Proper Mending to get great drifts…
A few trips back, I was out fishing with some buddies. At one point we were all fishing the same long run. This type of fishing gave me the opportunity to really watch some great fisherman in action. We were tossing small pmd’s to rising trout. We all got to cast three times, and then moved to the back of the line. As mentioned, the run was a long one. Meaning you really needed to mend the line a couple of times during the drift. One of the guys fishing with us started the day not using our leaders. He is a great fisherman and one to be admired. Not until he watched me and two others using our leaders, did he understand why we all made the switch to thread furled leaders. The reason one can mend so well with thread furled leaders is because of the micro grooves created by the furling process. These grooves create impressive stick / grab of the water surface tension. This “grab” allows the leader to stay put when a mend is put into the line. The fly-line with its slick coating lifts easy off the water, the leader stays. The fact that the leaders are also memory free, they create no drag. The leader is not stiff enough to fight against the currents so it simply succumbs to all of the micro currents and drifts drag free.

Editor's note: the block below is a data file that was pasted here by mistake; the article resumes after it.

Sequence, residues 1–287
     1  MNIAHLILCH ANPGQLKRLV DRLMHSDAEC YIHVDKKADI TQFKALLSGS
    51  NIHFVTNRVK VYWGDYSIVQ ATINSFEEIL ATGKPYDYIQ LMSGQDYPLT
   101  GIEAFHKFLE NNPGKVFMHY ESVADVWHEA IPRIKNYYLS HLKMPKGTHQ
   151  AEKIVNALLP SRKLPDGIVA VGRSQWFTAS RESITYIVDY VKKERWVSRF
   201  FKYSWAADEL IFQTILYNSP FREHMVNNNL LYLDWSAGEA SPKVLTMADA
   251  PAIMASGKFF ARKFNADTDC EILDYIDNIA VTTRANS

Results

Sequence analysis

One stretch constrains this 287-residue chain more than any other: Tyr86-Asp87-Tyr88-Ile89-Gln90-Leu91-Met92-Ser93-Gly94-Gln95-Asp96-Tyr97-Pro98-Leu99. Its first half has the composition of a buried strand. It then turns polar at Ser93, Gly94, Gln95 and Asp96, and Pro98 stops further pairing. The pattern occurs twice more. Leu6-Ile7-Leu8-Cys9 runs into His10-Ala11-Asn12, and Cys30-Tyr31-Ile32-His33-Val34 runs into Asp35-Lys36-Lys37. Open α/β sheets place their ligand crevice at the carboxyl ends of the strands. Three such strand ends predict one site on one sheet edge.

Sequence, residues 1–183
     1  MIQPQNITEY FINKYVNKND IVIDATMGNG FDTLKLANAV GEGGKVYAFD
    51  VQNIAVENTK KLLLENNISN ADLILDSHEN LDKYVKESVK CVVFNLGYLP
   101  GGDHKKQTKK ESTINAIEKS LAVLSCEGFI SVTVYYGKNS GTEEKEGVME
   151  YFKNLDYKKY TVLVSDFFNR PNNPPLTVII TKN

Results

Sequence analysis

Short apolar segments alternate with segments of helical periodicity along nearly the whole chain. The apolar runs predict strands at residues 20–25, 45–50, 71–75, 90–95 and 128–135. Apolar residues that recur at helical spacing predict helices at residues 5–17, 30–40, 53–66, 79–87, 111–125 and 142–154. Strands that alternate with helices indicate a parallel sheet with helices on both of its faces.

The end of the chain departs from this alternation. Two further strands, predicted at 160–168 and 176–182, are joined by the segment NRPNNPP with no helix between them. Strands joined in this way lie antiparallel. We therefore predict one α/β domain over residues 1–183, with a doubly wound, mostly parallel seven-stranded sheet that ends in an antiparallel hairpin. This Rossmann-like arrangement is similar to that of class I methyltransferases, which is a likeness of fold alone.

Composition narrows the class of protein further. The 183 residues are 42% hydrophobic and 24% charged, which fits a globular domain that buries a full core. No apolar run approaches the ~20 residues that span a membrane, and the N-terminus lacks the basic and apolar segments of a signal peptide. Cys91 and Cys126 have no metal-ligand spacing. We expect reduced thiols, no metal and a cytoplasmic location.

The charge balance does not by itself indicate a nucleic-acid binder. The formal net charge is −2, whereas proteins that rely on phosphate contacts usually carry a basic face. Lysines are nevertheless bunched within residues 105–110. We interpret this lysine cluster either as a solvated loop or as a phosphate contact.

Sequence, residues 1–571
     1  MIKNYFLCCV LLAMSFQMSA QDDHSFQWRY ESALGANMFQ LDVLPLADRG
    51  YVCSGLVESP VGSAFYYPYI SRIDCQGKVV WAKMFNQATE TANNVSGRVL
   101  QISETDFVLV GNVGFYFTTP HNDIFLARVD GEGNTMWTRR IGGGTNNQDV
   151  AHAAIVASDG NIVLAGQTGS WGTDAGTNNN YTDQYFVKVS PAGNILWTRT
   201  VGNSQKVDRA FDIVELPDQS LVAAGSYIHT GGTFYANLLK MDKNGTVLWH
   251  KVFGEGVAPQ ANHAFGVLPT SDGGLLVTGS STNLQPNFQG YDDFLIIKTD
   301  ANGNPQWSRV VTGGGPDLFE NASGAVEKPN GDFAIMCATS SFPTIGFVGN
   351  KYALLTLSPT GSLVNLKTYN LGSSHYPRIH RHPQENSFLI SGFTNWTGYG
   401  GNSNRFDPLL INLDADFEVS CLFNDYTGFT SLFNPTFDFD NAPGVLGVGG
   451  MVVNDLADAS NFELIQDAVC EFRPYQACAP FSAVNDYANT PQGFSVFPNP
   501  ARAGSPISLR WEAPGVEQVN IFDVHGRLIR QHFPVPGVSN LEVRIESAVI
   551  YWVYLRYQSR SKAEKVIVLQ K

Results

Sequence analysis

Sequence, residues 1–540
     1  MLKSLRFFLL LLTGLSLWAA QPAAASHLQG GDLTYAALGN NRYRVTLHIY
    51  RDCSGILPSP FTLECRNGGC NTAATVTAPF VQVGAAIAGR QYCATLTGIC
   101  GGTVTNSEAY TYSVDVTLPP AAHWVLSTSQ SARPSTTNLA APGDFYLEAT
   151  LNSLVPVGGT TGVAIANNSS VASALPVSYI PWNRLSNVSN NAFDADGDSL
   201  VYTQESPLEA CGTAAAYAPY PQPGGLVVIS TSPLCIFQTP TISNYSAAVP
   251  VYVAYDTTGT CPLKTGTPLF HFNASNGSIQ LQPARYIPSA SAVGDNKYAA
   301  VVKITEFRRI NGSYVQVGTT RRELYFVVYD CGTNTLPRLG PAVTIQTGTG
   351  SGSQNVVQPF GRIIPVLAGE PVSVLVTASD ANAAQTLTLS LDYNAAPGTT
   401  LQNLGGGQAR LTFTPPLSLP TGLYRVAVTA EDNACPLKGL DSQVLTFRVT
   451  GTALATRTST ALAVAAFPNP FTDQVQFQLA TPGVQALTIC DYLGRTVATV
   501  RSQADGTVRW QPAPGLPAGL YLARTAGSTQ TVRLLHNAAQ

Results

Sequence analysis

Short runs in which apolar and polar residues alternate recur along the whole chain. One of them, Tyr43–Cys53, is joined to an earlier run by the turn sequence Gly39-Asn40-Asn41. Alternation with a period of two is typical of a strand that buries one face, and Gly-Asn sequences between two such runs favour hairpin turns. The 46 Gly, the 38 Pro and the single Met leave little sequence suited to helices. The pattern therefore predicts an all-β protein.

It has been a long time sense I really paid attention to nylon tapered leaders and how they perform. This is one application that a thread leader really shines. While watching the nylon leader closely, you could see the leader being pulled across the surface of the water when a mend was made. This means, the tippet and fly have pressure put on them, now creating drag.
The fishing quickly turned from a few guys trying to hook a trout, to a group of guys trying to figure out the pro’s / cons of various leader configurations. It was great for us “Cutthroat Leaders”, as we had a handful of very experienced fly fishers working (doing R & D) for free….
All in all, it was a great day on the water. We end ended up with a new Convert to our Leaders and we caught a bunch of fish.